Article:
“With the end of Rikers finally in sight, we will continue to support our grassroots allies to mobilize and hold legislators accountable for making sure the dysfunctional and corrupt jail is finally closed,” said Brandon Holmes, Criminal Justice Organizer at the New York Civil Liberties Union. “This will only happen when both our city and state see meaningful criminal justice reform, like speedy trial reform, that will help end mass incarceration and ensure that what happened to Kalief Browder and his family never happens again.”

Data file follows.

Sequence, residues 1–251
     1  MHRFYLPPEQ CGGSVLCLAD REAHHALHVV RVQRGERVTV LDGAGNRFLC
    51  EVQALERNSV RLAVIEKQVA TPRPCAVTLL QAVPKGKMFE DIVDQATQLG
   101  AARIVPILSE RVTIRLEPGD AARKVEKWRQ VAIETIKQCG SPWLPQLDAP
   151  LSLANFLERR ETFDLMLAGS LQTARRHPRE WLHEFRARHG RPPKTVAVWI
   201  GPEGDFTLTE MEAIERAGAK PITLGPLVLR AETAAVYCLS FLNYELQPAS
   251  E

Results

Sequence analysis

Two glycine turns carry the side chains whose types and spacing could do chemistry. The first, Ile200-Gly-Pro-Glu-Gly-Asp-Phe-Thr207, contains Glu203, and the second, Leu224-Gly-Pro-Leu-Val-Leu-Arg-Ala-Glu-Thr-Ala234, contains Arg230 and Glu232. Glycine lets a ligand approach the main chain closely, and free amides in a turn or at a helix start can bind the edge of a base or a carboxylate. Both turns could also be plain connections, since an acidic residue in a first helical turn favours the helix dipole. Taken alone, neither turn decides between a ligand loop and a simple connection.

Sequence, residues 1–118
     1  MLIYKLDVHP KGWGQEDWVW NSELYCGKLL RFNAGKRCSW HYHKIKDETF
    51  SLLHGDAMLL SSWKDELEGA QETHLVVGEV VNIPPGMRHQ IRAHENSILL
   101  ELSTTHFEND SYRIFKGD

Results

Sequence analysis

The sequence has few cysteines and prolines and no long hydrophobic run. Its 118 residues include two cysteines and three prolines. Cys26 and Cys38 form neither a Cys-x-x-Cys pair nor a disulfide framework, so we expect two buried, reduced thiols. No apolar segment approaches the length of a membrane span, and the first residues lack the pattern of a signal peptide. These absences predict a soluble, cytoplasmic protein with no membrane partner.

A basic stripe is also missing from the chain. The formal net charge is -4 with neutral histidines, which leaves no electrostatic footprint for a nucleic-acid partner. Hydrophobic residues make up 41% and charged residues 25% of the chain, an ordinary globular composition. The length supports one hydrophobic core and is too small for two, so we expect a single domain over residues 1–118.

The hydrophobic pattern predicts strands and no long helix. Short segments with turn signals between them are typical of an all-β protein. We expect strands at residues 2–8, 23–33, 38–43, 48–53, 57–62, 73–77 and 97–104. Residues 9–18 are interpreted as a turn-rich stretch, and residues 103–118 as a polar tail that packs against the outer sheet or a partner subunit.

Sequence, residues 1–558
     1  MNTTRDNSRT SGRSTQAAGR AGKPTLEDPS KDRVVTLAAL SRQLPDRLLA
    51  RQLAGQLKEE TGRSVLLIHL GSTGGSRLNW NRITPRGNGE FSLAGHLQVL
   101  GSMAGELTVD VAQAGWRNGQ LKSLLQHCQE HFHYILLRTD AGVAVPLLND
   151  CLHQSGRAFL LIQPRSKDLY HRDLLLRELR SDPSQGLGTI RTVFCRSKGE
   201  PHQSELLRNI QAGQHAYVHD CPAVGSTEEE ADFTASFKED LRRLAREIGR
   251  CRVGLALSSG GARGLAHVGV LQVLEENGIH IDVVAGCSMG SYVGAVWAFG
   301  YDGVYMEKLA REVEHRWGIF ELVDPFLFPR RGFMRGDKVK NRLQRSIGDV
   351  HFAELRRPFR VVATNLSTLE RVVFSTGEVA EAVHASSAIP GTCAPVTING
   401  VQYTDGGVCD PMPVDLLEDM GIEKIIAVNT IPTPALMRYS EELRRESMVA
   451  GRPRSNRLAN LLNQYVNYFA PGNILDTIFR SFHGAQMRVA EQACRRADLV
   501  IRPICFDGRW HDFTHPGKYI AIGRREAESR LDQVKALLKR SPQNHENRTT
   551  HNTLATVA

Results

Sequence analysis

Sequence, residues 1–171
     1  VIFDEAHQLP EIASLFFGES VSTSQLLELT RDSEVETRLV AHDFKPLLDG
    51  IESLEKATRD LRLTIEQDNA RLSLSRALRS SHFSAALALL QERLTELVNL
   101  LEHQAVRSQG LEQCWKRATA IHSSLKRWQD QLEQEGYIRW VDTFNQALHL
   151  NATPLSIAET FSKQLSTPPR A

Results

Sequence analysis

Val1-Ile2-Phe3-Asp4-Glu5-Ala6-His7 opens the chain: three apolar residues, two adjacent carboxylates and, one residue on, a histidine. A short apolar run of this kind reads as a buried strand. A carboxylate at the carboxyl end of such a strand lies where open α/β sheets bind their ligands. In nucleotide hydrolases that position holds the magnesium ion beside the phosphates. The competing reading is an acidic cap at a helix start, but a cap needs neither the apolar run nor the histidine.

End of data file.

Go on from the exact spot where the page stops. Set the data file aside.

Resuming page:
“For every parent incarcerated at Rikers Island, there is at least one child who is left behind,” said Sharon Content, Founder and President of Children of Promise NYC. “When we work with these kids at Children of Promise, NYC, they speak about the grief of having lost a parent to incarceration, and the confusion of not knowing when they will return. They tell us about the fear that they experience when they are made to walk through the heavy locked doors at Rikers to visit their incarcerated parent and the pain when they have to leave, wondering what their parent is experiencing inside the doors of a facility with an exhaustively researched culture of violence. In the name of the children we serve, we are proud to celebrate the successes of JustLeadershipUSA and the #CLOSErikers campaign. When we see these children every day, and see the pain of what they continue to experience by having a parent incarcerated at Rikers, we know that a 10 year process is too long. For those incarcerated at Rikers Island, for their families, and for their children, we need a more restorative and rehabilitating criminal justice system”